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The Urban Explorer’s Guide to Gently Trespassing 
 
by Cherie Priest June 10, 2005

Trespassing, or “Urban Exploration” as it is sometimes euphemistically called, has been a hip leisure activity for years. Now this hobby has burgeoned into quite the popular pastime – though as with any field, the influx of trend-surfing amateurs tends to cause problems for the old pros. This article is intended to serve as a rough field guide for those who may be new to this exciting pursuit, but who aren’t sure how to arrange a city safari without risking a night in jail.

Disclaimer: The following is not intended to encourage any illegal acts of any kind. It is a chronicle of learned information acquired over the years through trial and error, and it is related here as a matter of general interest -- not as a field guide to misbehaving. Abuse this information or imitate the author in any untoward fashion at your own risk. In other words, I am not responsible for making your bail.

  • There is a vast chasm of difference between Trespassing and Breaking & Entering. Remember this. If you have to break a window, bust a lock, or pry a door -- you don't need to be there. Sometimes places are heavily boarded and sealed for very good reasons; they may not be structurally sound.
  • Investigate. Look for open windows. Doors that are closed, but not locked. Cellars that are open. Seek a point of entry that does not require forcing. The moment you cause damage to enter a place, you've elevated yourself from "nosy bastard" to "vandal." Don't. Break. Anything.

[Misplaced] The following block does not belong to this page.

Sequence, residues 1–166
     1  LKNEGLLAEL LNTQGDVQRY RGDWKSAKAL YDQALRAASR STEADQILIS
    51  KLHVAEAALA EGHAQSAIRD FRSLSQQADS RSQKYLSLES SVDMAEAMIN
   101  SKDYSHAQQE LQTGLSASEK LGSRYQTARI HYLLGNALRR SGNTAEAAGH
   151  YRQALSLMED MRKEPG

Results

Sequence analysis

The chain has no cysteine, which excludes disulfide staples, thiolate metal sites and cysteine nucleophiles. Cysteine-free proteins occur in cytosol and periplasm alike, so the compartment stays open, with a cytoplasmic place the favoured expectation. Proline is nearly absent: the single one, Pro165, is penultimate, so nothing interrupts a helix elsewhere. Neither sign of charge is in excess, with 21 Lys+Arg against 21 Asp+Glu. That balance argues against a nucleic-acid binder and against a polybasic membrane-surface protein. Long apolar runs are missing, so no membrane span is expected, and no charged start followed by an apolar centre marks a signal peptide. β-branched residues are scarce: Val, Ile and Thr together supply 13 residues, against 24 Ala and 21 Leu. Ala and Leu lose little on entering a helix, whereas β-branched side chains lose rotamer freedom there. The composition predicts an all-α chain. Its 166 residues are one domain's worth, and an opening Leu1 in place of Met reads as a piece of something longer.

• Structural Soundness. Especially if they are very old and/or in a warm, humid climate, buildings in the south are prone to roof problems sometimes; and once the roof goes, you can expect extensive water damage within. Extensive water damage means unstable floors and the threat of collapse. Nothing puts a damper on a good adventure like having a ceiling fall on your head.
  • Being Observed. Finding a place mid-restoration is lucky. On the weekend it's probably deserted, and it's likely to have at least some point of entry available. If any refurbishing is underway, you'll be able to see at a glance the places that (a). Are being fixed and (b). Need fixing, and should not be trod upon. However, there is also a greater chance that whoever is doing the restoration has set up cameras to watch the (expensive) equipment they've left lying around while the workers are gone
  • Don't Steal Anything. Seriously. Unless you have personal, first-hand, concrete knowledge that the property is unowned and unobserved (and I bet you won't), then for heaven's sake pretend it's a state park: take only pictures, leave only footprints. I mean it. Don't. Steal. Anything. You're exploring, not treasure hunting.
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